Here’s an interesting example of the triumph of ideology over simple fact. Fia K. sent in a link to a costume sold at Amazon titled “Tiny Boy’s Costume.” The costume is a green pterodactyl. There is no equivalent Tiny Girl’s Costume. When I search for that phrase, the search engine deletes the word “girl” and sends me back to here.
This is more than just an instance of associating boys with dinosaurs and excluding girls, although that would be problematic enough. No, the costume is called “Tiny” because it’s associated with a cartoon character with that name from the show Dinosaur Train.
Funny thing is, Tiny is female (note the eyelashes, you can always tell by the eyelashes).
This is evidence of how powerful gender ideology can be. Tiny’s actual fictional femaleness is less powerful than the ideological association of boys and dinosaurs. Hence, a Tiny Boy’s Costume.
Lindy West for the win at Jezebel, asks what’s so sexualizing about calling a child’s costume “naughty.” The costume below was widely criticized for sexualizing little girls, but West nicely observes that there is a non-sexual, child-related meaning to the word naughty. You know, being bad. The non-sexual version of bad. Doing something you’re not supposed to do. A non-sexual thing. You know what I mean! West writes:
Sure, naughty has had sexual connotations as far back as the mid-19th century, but it’s been used to describe disobedient kids since the goddamn 1600s. So why did we let hornay college chicks hijack the word in all its forms? Why can’t children be naughty anymore?
Nevertheless, West is right. The biggest problem with this costume’s title is that it includes the word “leopard.” Because that’s just false advertising. It doesn’t say sexy leopard and the dress — I’ll stop calling it a costume now — is not particularly sexualizing.
West calls for change:
Why don’t we send “naughty” back from whence it came—into the realm of wedgies and spitballs and pies cooling on the windowsill with bites taken out of them!? It’s time, people. You know it is. Take Back the Naughty. For the children.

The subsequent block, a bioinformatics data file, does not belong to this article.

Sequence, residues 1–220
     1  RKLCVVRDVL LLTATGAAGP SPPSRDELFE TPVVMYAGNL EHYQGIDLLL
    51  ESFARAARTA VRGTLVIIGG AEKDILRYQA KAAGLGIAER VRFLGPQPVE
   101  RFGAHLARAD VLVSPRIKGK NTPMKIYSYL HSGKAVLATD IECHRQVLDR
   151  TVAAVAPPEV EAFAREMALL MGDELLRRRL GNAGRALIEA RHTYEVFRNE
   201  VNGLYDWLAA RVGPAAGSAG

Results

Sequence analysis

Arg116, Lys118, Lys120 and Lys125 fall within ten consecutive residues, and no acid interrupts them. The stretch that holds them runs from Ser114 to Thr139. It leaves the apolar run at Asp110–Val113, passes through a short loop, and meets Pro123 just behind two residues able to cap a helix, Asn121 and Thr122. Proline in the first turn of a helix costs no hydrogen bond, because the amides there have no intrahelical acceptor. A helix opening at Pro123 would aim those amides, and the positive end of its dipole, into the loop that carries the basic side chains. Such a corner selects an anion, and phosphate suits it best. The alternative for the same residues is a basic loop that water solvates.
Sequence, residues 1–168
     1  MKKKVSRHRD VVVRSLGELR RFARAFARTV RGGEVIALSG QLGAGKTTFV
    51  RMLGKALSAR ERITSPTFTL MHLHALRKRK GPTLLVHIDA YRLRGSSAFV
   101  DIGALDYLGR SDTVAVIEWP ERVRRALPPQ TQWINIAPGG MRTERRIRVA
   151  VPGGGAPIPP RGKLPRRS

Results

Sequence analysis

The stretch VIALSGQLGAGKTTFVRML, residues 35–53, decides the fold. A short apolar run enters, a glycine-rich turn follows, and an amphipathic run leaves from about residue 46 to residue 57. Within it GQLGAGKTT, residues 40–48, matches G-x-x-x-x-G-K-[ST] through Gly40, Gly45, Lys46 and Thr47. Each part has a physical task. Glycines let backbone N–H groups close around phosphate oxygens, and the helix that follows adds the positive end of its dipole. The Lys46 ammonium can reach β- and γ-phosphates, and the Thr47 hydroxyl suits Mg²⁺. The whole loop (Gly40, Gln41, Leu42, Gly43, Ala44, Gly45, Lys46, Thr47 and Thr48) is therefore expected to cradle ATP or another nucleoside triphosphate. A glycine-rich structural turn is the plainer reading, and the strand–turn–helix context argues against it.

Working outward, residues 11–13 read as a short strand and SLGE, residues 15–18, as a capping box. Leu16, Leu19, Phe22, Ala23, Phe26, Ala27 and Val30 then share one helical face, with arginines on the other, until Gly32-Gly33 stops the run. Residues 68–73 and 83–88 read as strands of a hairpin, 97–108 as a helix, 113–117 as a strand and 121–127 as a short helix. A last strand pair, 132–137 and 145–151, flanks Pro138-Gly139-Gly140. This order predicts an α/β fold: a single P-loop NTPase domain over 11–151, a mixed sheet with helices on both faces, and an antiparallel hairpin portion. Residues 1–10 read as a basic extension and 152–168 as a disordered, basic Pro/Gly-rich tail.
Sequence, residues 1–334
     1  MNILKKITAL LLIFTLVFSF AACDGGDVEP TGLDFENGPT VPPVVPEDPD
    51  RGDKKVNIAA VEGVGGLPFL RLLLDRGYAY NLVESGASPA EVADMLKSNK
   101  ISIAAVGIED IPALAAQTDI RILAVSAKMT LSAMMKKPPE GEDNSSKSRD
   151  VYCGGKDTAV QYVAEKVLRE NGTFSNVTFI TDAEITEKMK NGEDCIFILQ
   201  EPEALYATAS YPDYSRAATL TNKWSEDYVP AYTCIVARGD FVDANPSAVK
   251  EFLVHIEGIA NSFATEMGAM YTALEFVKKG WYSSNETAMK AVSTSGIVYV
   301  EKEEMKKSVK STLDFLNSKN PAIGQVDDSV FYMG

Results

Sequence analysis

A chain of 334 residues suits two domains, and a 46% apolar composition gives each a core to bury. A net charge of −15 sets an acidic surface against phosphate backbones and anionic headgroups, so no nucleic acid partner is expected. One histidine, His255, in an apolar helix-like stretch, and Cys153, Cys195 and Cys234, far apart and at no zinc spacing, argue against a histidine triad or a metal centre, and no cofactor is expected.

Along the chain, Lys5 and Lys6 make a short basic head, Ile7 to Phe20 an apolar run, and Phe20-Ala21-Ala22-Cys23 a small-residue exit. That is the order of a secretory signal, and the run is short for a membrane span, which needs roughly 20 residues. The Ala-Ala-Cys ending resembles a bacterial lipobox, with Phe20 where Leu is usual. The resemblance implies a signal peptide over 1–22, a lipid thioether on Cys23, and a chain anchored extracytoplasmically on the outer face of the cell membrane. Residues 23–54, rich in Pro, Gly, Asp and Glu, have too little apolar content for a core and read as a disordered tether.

And for the grown ups, too, who are tired of the idea that being a sexual person makes us bad, bad girls and boys.
The partial U.S. map below shows the proportion of the population that was identified as enslaved in the 1860 census. County by county, it reveals where the economy was most dominated by slavery.
A new paper by Avidit Acharya, Matthew Blackwell, and Maya Sen has discovered that the proportion of enslaved residents in 1860 — 153 years ago — predicts race-related beliefs today. As the percent of the population in a county accounted for by the enslaved increases, there is a decreased likelihood that contemporary white residents will identify as a Democrat and support affirmative action, and an increased chance that they will express negative beliefs about black people.
Avidit and colleagues don’t stop there. They try to figure out why. They consider a range of possibilities, including contemporary demographics and the possibility of “racial threat” (the idea that high numbers of black people make whites uneasy), urban-rural differences, the destruction and disintegration caused by the Civil War, and more. Controlling for all these things, the authors conclude that the results are still partly explained by a simple phenomenon: parents teaching their children. The bias of Southern whites during slavery has been passed down intergenerationally.